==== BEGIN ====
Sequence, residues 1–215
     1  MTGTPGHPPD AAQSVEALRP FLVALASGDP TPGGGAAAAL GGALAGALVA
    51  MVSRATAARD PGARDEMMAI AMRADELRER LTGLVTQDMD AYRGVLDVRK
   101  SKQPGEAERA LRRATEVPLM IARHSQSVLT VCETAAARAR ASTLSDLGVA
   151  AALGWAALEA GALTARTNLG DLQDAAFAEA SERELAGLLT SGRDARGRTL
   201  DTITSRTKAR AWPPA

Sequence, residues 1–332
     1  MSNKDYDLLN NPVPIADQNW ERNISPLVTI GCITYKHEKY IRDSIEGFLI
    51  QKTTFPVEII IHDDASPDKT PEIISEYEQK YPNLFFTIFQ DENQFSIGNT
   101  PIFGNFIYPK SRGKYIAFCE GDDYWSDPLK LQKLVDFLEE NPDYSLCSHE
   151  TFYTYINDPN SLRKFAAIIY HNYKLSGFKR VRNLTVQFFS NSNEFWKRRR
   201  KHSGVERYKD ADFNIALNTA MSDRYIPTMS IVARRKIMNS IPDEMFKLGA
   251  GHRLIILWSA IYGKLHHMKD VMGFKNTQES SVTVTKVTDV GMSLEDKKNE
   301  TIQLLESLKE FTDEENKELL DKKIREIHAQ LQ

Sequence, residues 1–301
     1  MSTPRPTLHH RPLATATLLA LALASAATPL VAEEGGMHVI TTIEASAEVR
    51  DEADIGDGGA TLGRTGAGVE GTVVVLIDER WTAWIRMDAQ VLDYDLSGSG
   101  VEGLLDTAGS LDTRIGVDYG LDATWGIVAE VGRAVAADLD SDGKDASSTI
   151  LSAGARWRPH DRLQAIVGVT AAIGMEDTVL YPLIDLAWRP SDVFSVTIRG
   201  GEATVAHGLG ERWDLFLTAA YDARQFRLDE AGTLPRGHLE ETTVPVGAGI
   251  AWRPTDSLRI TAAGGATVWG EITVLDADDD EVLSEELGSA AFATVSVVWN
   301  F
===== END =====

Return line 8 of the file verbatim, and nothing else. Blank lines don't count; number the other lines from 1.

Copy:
     1  MSNKDYDLLN NPVPIADQNW ERNISPLVTI GCITYKHEKY IRDSIEGFLI